What Is Causing the Stall?
The unpredictable global pandemic has limited land and air transportation, meaning suppliers are unable to deliver the medication specifically to health services in places with limited access. This has caused a disruption, placing the medication on hold and causing fear that AIDS-related deaths could double in areas in Sub-Saharan Africa.
To make things worse, the WHO announced that they have had to put the drug trials for lopinavir and ritonavir on halt, two drugs that can help the treatment for HIV.
Director-General of the WHO, Dr. Tedros Adhanom Ghebreyesus, made a public statement: “Countries and their development partners must do all they can to ensure that people who need HIV treatment continue to access it. We cannot let the COVID-19 pandemic undo the hard-won gains in the global response to this disease.”
The stalling of medicine can also cause a big problem for pharmaceutical companies that produce the products and help their communities. Halting mass productions could lead to job cuts and a decrease in revenue for the companies. The economy is reaching a dangerous peak in many countries that rely on pharmaceutical companies as a source of national income. It is an unforeseen future that is winding down a risky path.
To combat this problem and find an alternative solution, the WHO recently created guidance to help countries stay safe and keep good access to health services during the pandemic. This includes people who are living with or are affected by HIV.
This guidance advises countries on how to limit or eradicate disruptions of HIV medicine access by using a policy that has already been adopted in 129 countries. This policy is called “multi-month dispensing,” which means that medicines can be prescribed for a long duration, such as up to six months.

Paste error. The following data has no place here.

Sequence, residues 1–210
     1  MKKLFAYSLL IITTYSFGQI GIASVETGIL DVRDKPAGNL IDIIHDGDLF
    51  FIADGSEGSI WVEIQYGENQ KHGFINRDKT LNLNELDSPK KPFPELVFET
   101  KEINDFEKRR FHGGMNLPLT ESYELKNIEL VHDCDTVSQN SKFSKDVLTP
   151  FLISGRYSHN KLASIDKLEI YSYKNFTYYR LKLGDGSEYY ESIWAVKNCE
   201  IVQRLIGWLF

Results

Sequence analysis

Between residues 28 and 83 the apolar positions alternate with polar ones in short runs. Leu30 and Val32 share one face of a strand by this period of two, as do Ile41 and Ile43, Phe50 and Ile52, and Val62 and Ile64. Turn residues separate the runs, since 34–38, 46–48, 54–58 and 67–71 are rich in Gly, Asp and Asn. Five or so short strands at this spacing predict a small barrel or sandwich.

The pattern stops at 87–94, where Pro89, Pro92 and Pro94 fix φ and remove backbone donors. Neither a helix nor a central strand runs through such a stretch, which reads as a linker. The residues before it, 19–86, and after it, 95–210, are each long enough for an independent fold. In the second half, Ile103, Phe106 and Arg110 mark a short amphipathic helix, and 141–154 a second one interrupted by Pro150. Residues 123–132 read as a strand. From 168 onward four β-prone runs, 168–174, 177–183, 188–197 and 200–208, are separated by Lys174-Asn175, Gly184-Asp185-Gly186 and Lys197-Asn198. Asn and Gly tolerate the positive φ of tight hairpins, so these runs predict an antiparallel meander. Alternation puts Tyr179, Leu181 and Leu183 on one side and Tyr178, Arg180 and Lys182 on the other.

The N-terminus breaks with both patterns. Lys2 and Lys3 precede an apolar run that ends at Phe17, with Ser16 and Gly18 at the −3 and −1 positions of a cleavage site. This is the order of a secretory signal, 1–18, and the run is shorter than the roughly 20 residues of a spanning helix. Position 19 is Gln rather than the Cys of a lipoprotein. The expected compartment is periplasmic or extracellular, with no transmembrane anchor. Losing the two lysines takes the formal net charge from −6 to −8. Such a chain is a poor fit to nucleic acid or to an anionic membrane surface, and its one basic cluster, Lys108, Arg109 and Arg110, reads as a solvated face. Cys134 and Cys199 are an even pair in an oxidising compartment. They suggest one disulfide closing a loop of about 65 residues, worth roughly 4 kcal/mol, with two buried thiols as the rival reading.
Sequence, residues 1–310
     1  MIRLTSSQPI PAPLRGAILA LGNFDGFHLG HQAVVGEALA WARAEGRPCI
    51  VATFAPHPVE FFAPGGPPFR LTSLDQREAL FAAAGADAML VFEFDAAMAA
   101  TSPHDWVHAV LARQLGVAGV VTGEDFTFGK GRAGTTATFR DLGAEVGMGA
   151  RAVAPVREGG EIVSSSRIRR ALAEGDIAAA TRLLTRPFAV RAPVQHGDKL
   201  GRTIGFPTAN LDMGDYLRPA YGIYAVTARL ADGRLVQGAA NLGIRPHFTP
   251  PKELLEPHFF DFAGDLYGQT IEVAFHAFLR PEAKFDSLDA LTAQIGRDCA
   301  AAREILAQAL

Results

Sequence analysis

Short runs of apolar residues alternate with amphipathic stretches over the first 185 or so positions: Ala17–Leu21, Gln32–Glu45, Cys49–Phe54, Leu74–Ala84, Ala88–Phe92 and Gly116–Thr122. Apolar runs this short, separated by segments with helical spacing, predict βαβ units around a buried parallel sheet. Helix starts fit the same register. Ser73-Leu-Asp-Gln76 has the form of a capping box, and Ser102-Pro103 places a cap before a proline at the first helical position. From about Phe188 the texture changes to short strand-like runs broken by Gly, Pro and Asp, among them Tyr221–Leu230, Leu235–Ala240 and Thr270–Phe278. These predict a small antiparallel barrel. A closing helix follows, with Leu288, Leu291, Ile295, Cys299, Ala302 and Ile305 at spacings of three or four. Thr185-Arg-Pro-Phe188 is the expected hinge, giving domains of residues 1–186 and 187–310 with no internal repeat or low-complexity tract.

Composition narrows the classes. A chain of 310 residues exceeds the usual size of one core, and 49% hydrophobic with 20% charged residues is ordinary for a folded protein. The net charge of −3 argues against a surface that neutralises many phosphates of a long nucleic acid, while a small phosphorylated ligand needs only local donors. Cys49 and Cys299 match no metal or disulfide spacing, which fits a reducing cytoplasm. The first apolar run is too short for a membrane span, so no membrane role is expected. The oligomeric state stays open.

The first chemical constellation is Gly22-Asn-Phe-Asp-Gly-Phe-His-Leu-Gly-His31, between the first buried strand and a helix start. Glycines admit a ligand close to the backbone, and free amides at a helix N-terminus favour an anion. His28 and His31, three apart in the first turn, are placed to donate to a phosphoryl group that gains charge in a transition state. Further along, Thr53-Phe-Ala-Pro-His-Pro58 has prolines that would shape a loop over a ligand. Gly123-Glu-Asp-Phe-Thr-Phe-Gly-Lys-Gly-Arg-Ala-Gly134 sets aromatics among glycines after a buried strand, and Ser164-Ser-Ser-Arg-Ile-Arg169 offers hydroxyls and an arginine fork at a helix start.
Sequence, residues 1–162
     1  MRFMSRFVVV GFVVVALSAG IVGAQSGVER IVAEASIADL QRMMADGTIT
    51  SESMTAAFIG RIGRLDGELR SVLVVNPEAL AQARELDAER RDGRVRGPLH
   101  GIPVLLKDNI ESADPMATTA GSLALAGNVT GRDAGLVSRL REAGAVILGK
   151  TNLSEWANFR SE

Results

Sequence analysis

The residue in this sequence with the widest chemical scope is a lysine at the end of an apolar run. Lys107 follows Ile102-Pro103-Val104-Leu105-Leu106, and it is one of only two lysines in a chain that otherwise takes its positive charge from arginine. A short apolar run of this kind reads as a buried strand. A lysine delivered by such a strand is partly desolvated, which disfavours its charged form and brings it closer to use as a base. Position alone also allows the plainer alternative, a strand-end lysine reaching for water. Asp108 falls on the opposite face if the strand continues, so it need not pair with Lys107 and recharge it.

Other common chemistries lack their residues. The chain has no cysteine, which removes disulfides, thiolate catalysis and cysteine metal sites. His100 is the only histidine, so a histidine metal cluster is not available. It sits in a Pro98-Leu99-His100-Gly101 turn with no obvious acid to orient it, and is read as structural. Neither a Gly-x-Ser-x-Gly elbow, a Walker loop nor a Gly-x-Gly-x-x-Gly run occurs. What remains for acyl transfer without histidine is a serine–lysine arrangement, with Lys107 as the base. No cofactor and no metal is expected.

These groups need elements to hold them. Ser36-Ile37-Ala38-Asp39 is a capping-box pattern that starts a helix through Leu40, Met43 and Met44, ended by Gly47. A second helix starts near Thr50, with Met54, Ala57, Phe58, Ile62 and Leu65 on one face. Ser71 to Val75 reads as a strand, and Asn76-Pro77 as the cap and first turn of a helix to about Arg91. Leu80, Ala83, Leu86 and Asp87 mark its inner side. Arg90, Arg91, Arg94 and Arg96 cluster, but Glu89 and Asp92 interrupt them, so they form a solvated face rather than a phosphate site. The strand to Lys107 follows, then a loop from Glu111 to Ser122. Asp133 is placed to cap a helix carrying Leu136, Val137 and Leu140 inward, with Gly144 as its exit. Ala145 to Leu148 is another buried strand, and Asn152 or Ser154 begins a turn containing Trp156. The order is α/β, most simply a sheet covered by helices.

Communities are also aware of the disruptions caused in order to obtain HIV medicine, which is why they are working in manufacturers to overcome logistics challenges. There are also some flights and supply chains trying their hardest to deliver the necessary treatment for HIV.
Many viruses such as HIV are deadly to those with weakened immune systems. 8.3 million people benefited from ARV in 2019, a number that feels out of reach now that some countries face supply shortages. There is still no cure for HIV, but ARV therapy treatment can control the virus and prevent transmission to other people.
Once the pandemic is over, there can only be hope that there will be plenty of stock to supply in these countries that are in dire need of this treatment. However, it is now crucial for transportation services to have the flexibility to provide treatment in all places, even those with limited access. People currently affected by or living with those who are affected by HIV can only rely on what their communities provide and the limited supply that their countries have.
About the Author
Mariliana has an MSC in consumer analytics and business strategy. She has a special interest in fast-moving industries and big data.